Lights At The End of Tunnel
The bear market in commodity prices the past decade has been a major drag to Peru’s growth and exports. Similar to other Latam countries, Peru’s development is tightly linked to global commodity demand, which accounts for a fifth of the country’s GDP and 70% of its total exports (Chart 23). Cyclically, a broad-based dollar weakness and improving global growth outlook will likely continue to boost the metal’s price higher, which in turn, will boost Peruvian terms of trade and equity earnings, the later currently still a third below its recent high (Chart 24).
Over the longer-run, strong growth of base metal demand from green energy demand bodes well for the country’s growth outlook, terms of trade, and asset market, all of which are centered around copper production. Peru currently produced about 2.4 Mn Tonnes of copper or equivalent to a tenth of global production figure, and rank as the country with third largest copper reserves, after Chile and Australia. The rising strategic importance of copper in new energy infrastructure should also translate to increasing geopolitical importance of copper-producing countries, potentially lifting their status and wealth to those of oil-producing countries in the 20th century.
In such case, the rise in copper prices will lift domestic savings rate – similar what happened in 1980s when copper price doubled and those for gulf countries (Chart 25) – and bolster investments over the long run. The large investment needs for transportation, energy, education, and health care mean the rise in savings will not be exported out but rather be used to develop domestic infrastructures (Chart 26).
Lastly, Peru suffered the most from Covid-19 pandemic in terms of deaths per capita and economic damage (Chart 27), which make the case that a rapid distribution of an effective vaccine could help the country quickly reach the threshold for “herd immunity”, supported by the already high infection rate among large portion of the population. Currently, Peruvian manufacturing activity has rebounded above pre-pandemic level while retail trade is still slightly below last year’s level, both of which will be further aided by inoculation of the country’s citizen (Chart 28).
A New Hope?
The battle between the executive and Congress over anti-corruption reforms, ending parliamentary immunity, and the issue of illicit campaign finance will continue to dominate the political debate of the next Peruvian government. Last year’s political drama related to the impeachment of former President Martin Vizcarra over corruption allegation by the Congress will continue to color Peru’s presidential and congressional elections starting in April, with candidates supporting the country’s anti-corruption drive likely enjoying popular support (Chart 29). Over 80% of the public believe that the impeachment of Former President Vizcarra was motivated by political or personal interests of the congressmen – half of the lawmakers are under criminal investigation – and disapprove the Congress decision to impeached former President Vizcarra. This will likely be reflected in the elections results, with Accion Popular and Fuerza Popular, two party that support the impeachment and the later led by Keiko Fujimori and a known opposition of Vizcarra’s government, losing their seats in the Congress.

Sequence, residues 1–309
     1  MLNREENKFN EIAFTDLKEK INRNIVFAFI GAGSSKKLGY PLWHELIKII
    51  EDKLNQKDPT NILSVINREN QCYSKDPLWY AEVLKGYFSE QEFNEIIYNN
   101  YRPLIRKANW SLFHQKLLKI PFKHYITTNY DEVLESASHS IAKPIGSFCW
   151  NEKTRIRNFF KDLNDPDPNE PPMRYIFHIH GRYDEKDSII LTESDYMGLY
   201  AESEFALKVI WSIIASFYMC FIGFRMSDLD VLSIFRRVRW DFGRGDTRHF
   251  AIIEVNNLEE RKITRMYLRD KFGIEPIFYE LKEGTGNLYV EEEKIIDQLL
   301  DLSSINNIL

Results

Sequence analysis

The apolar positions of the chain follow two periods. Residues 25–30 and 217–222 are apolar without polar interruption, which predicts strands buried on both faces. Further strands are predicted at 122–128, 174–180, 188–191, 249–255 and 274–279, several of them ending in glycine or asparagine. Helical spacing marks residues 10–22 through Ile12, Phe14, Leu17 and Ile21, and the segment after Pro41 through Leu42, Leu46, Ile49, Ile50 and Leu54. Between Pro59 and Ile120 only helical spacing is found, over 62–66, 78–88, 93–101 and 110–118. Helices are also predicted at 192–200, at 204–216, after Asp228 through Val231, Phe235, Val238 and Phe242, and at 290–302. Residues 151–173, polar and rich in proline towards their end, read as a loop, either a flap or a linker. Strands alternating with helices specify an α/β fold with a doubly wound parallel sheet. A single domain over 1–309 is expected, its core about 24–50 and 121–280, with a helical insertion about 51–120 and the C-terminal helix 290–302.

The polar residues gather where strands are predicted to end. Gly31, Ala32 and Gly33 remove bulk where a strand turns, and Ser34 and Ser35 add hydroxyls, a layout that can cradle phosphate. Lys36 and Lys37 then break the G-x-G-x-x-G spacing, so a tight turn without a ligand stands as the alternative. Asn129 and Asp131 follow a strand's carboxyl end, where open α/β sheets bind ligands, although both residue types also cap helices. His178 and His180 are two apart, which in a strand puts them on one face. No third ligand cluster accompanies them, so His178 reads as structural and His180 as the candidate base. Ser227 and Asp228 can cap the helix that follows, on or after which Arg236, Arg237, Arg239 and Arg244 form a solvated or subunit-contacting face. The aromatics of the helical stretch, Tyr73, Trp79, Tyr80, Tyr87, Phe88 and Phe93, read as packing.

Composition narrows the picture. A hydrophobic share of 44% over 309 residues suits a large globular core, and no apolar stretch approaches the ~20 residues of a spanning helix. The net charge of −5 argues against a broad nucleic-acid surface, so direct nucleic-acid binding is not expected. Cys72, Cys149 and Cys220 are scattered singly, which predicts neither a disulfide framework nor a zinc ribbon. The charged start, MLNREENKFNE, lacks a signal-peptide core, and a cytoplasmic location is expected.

There are hope that voters will ouster lawmakers that were supporting the impeachment and vote for those that supports the anti-corruption drive, which will foster unity to support the difficult but necessary reforms. The current weak party system, where none dominates the political landscape, means that Peruvian democracy often stumble over needed reforms. In the short term, corruption and political instability risk will remain the top in investors’ mind and these two factors will affect the execution of large investment projects, which has been delayed in past years and became a drag on growth.
The political and humanitarian crisis in Venezuela has resulted in displacement of its population to neighboring countries, with Venezuelan migrants living in Peru now equal to 2.5% of Peru’s population. This has added strain on the country’s already poor health care and education system and stoke resentment among the local population. A continuation of global sanctions against Maduro’s regime in Venezuela will only worsen the humanitarian condition of the region and put extra burden on the neighboring countries, especially to Colombia, Peru, and Brazil. This could widen political polarizations in the region and lead to the rise of populist leaders whose policies tend to erode institutional strength and proved to be unsustainable in the long run.
The continued improvement in Chinese economic outlook and growth rebound in the Rest of World should mean that commodity demand will remain strong this year, providing a tailwind to commodity intensive Latam countries. Meanwhile, easy Fed policy, continued dollar weakness, and low investment in the mining complex should provide support for base metal prices to advance further and boost the country’s equity earnings at a time when its valuation remain modest compared to the excesses in developed market bourses and growth stocks. Investors should long Peruvian equity (NYSE: EPU) to benefit from the cyclical improvement in global economy and potential structural bull market in commodity prices. Chart 30 shows Peruvian cyclically adjusted P/E is currently trading at 17 times earnings – below historical average and is skewed higher due to lower EPS from depressed copper prices in the past decade – and has not priced in the strong rebound in EPS this year and potential structural bull market in base metals. Relative to EM benchmark, Peruvian equity’s forward P/E ratio is trading only at par (Chart 31), setting the stage for an outperformance in the coming years should the dollar continue to slide and drive metal prices higher.